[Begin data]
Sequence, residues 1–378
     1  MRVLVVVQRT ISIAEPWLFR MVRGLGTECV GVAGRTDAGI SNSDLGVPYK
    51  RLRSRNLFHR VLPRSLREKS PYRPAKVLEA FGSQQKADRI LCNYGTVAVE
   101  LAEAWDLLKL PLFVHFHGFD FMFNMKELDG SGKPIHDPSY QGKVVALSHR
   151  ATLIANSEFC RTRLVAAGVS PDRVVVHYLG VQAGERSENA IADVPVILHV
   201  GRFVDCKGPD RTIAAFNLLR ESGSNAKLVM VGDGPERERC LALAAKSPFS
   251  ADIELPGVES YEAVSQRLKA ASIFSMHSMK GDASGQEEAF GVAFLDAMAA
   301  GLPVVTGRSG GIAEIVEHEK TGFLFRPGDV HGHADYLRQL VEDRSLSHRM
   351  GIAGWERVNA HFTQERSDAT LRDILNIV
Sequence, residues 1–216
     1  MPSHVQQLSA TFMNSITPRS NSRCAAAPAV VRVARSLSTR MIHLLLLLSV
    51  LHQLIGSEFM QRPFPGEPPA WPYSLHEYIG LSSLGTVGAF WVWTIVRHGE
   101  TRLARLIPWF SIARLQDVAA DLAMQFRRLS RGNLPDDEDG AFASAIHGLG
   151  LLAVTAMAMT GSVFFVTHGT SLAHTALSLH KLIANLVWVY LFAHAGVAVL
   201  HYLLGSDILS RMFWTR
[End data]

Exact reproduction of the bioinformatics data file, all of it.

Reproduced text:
Sequence, residues 1–378
     1  MRVLVVVQRT ISIAEPWLFR MVRGLGTECV GVAGRTDAGI SNSDLGVPYK
    51  RLRSRNLFHR VLPRSLREKS PYRPAKVLEA FGSQQKADRI LCNYGTVAVE
   101  LAEAWDLLKL PLFVHFHGFD FMFNMKELDG SGKPIHDPSY QGKVVALSHR
   151  ATLIANSEFC RTRLVAAGVS PDRVVVHYLG VQAGERSENA IADVPVILHV
   201  GRFVDCKGPD RTIAAFNLLR ESGSNAKLVM VGDGPERERC LALAAKSPFS
   251  ADIELPGVES YEAVSQRLKA ASIFSMHSMK GDASGQEEAF GVAFLDAMAA
   301  GLPVVTGRSG GIAEIVEHEK TGFLFRPGDV HGHADYLRQL VEDRSLSHRM
   351  GIAGWERVNA HFTQERSDAT LRDILNIV
Sequence, residues 1–216
     1  MPSHVQQLSA TFMNSITPRS NSRCAAAPAV VRVARSLSTR MIHLLLLLSV
    51  LHQLIGSEFM QRPFPGEPPA WPYSLHEYIG LSSLGTVGAF WVWTIVRHGE
   101  TRLARLIPWF SIARLQDVAA DLAMQFRRLS RGNLPDDEDG AFASAIHGLG
   151  LLAVTAMAMT GSVFFVTHGT SLAHTALSLH KLIANLVWVY LFAHAGVAVL
   201  HYLLGSDILS RMFWTR